Can humanity conform with natural processes ? Yes. One way is to find technological advances which make it possible to increase value without increasing throughput, which is happening everywhere. The main problems with this approach is how fast will humanity react to physical limits – will it be too little too late ? Another is to reduce consumption, accepting a smaller GDP with more equitable distribution of wealth so that all may live better. The problem with this is that it is politically impossible (well, almost!). Ignoring limits that are put on us will result in devastation, like what is happening to the fisheries of the world today. Hope we can garner enough moral strength to preserve our physical strength.
A few lessons learnt from my lighting project design and other things happening now, both from a process and target perspective.
Document, document, document!
I’m sure most people reading this would remark – “Yeah, right!”. But learning it the hard way has made the lesson all the more invaluable. It are useful for the following reasons:
- Forcing yourself to put ideas into words makes it concrete.
- Writing down fundamental assumptions in your design will give hints as to why the design failed or performed well in a given situation.
- It makes it easily replicable.
- Translating a well documented design into the real thing is extremely easy.
- Testing your work against a detailed design as a benchmark will be always good.
That being said, it is not necessary to mention implementation level details, which will ruin clarity of presentation. Make it modular, use subsections and sub-subsections frequently.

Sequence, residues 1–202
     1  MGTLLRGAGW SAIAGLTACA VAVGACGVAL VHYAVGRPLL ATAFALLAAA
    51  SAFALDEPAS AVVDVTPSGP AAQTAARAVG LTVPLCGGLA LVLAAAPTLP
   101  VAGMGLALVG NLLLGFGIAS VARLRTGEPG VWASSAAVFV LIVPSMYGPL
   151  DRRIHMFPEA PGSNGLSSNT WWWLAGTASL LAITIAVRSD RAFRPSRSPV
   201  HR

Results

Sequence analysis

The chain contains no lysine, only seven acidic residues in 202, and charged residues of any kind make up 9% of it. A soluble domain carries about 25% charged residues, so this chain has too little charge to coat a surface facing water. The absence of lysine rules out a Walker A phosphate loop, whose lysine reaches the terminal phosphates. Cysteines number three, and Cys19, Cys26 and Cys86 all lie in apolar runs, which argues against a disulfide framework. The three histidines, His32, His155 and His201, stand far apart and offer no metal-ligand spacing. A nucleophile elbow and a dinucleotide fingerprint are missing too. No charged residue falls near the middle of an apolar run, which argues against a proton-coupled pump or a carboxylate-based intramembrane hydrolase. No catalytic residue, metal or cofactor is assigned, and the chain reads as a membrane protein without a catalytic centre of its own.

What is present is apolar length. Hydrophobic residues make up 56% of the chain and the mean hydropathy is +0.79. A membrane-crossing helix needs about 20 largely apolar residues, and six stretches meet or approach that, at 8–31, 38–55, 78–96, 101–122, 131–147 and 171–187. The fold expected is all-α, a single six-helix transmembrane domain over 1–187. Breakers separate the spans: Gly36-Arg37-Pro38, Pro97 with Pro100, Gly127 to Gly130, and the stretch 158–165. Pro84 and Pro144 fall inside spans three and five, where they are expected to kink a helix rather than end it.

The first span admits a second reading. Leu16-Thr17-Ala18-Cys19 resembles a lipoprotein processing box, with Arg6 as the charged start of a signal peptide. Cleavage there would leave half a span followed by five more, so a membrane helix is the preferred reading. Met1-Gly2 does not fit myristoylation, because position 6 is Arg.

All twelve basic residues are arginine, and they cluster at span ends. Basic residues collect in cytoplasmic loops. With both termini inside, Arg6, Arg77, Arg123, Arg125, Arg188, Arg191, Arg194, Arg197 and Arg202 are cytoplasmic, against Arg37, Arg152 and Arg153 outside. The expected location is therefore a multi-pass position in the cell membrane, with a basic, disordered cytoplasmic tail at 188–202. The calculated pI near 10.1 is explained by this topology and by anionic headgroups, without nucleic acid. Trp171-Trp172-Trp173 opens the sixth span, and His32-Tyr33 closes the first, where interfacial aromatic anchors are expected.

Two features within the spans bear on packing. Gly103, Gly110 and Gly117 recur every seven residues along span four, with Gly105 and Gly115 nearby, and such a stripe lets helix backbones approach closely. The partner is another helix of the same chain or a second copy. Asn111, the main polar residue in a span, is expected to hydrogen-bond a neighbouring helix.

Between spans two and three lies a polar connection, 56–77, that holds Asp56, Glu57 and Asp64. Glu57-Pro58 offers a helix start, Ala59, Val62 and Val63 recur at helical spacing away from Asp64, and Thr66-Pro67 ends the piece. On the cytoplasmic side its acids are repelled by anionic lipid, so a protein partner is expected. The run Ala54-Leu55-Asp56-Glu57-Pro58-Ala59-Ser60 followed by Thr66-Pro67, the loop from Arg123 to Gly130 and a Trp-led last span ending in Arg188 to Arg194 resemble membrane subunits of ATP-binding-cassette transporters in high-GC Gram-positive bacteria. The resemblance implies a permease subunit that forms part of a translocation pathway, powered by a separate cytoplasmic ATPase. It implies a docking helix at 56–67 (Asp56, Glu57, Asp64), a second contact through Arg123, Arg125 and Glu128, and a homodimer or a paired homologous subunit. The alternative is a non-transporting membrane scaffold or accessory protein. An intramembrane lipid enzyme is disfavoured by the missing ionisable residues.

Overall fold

Have a clear idea of the end product
This should have been the first in the list! As far as it is practically possible, you should be clear of the function your product should perform. People have a good idea as to what they want, it makes sense to listen to them. Unless you can say what your product does in 25 words, you are in trouble!
It is never as easy as it sounds!
Only the most trivial things like say, painting a new color onto a pinhead are as easy as they sound (on second thoughts, even this is quite an issue ): The translation from the space of ideas to silicon or code or metal is limited by a large number of things, not excluding human stupidity. Like someone once said, “[I]f you write the code as cleverly as possible, you are, by definition, not smart enough to debug it”.
You are not God…
… and therefore, you cannot know nor forsee everything. Talk to people, pick multiple brains for multiple viewpoints and use the expertise of as many people as possible before, during and after product design. Everyone, from the person who wipes the floor to your boss can have something to offer. This of course means that you will have to swallow your own ego and bear a few unbearable ones, but is a good strategic initiative.